After that I paid a visit to my absolute favorite bookstore, the famous Blackwell’s, and managed to leave without buying a single book. Quite the accomplishment. My third errand took me to the Oxford Public Library. Oxford is known for its libraries, but only through the colleges. The Oxford Public Library has made me immensely grateful for the Mukwonago library and even the Dayton Public Library, which I never thought I’d say. Besides having the smallest teen section I have ever seen (the entire ‘section’ fits on a shelf in the adult fiction section), The Oxford Public Library charges money to rent a DVD or audio book (that is to check it out, not including what late fees might be) and putting a hold on a book costs a £1.20. If I had to pay money to the library every time I put a hold on a book back home, I’d owe the Mukwonago Community Library enough for them to build another building. On the plus side, the library card I got has quite a beautiful picture of Oxford on the back and the library contains a large collection of Georgette Heyer books, unfortunately I’ve read them all. Picked up two books in the Stravaganza series (City of Flowers and City of Secrets) but didn’t enjoy them as much as the first two.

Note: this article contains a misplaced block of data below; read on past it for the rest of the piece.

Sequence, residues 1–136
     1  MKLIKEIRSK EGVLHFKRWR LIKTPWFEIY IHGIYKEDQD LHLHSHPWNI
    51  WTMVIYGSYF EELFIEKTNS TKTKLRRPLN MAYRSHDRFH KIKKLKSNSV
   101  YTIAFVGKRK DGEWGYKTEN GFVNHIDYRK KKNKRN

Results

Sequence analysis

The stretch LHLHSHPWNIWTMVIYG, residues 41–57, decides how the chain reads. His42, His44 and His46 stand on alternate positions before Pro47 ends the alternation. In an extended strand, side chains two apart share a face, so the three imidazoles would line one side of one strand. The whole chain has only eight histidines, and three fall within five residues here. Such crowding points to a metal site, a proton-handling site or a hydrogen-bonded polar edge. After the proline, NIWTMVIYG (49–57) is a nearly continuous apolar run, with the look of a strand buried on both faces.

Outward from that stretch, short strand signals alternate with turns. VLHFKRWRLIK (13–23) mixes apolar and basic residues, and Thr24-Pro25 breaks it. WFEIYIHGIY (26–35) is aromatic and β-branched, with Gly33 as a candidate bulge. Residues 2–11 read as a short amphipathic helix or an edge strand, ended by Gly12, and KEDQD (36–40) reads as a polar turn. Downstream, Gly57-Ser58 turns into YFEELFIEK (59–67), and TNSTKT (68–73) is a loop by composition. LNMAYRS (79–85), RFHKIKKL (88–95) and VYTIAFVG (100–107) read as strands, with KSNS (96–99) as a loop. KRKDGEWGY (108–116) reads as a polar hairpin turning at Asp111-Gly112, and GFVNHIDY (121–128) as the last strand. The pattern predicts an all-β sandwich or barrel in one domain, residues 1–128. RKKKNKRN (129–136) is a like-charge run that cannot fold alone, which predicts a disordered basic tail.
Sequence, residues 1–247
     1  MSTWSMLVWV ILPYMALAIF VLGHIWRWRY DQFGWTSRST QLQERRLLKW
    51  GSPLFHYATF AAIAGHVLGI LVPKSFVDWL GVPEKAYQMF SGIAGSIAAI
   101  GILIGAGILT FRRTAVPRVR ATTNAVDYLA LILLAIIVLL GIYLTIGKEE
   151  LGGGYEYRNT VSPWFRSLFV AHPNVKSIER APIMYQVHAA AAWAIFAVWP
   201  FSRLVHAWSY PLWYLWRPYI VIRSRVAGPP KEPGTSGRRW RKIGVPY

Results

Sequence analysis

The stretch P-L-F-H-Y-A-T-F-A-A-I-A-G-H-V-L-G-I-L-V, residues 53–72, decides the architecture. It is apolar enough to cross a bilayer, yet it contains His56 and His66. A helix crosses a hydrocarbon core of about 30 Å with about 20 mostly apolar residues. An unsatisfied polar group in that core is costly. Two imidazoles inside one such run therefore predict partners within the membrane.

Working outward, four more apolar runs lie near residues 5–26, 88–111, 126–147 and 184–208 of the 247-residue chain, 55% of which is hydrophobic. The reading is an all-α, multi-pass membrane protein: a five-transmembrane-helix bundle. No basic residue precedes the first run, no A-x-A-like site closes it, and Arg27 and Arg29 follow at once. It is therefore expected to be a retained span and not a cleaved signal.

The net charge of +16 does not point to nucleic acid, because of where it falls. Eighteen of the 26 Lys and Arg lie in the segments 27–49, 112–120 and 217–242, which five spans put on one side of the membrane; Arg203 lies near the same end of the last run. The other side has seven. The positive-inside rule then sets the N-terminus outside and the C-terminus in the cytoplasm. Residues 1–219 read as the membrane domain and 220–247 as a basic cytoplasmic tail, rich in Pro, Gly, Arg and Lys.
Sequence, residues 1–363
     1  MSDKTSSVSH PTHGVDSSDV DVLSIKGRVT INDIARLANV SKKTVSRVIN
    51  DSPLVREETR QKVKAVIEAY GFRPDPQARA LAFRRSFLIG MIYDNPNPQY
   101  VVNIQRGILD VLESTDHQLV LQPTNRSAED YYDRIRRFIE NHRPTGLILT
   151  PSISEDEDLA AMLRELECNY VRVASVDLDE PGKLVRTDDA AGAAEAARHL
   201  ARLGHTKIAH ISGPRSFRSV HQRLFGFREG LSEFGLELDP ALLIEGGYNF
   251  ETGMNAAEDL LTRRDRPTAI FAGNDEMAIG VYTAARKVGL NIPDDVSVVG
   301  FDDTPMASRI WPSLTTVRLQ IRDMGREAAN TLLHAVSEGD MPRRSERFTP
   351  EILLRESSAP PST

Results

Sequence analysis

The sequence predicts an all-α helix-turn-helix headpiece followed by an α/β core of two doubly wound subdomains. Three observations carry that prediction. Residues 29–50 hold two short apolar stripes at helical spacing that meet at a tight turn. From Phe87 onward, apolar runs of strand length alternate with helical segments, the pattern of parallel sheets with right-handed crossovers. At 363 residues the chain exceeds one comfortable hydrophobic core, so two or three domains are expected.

That all said, I came back and decided on a whim to go to Bath the next day. I booked a bed at a hostel and double checked bus times. I would arrive at the bus station nice and early and hope to buy a ticket. Unfortunately, I arrived too early! Ended up sitting in the bus station for over an hour before the ticket office opened and another before the bus arrived, late. The bus ride itself was actually quite pleasant for a 2.5 hour drive. I bought a bag of candy for the trip on a whim, which seemed like a good idea at the time but the end result was that I felt more like an 11-year-old going to Hogwarts than a 20-year-old self-proclaimed Janite visiting Bath. Our bus driver apparently was new to his job, because there was an older gentleman with him giving directions. They mostly sounded like this, “Go right. I SAID RIGHT. What are you doing? Get in the right lane. You have the right-of-way! Keep going. Speed up!” They both wore an expression of long suffering.